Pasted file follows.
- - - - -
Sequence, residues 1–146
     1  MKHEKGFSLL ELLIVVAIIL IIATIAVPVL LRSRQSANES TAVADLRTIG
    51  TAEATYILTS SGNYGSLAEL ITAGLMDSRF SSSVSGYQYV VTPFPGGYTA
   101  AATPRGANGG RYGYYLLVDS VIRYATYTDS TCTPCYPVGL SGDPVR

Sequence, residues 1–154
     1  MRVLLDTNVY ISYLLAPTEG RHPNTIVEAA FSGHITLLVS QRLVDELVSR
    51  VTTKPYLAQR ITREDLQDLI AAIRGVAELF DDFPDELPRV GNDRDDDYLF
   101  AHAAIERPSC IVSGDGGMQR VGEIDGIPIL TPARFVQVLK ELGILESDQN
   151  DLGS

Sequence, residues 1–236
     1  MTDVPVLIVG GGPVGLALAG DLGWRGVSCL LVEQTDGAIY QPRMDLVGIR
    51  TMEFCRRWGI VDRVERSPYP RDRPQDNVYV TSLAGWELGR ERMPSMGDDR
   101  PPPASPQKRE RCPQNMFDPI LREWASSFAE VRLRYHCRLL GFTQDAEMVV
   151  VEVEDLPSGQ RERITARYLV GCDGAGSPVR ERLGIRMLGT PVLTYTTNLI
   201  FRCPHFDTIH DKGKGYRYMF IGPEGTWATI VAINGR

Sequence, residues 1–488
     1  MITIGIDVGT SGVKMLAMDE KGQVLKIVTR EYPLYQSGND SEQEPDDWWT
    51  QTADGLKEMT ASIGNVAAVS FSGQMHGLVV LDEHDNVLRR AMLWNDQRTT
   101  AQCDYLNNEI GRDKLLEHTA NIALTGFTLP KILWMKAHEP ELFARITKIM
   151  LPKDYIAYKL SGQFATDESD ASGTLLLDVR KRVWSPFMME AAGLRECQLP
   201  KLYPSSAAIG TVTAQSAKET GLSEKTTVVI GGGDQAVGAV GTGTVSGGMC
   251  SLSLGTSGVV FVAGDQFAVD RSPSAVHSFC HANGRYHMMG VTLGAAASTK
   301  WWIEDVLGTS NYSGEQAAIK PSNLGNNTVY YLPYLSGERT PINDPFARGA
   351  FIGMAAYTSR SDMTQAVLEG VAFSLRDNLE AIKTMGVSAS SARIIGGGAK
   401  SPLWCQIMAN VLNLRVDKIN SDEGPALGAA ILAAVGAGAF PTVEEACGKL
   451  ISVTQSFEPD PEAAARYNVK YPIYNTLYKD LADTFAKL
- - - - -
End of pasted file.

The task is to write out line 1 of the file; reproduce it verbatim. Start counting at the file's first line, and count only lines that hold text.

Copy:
Sequence, residues 1–146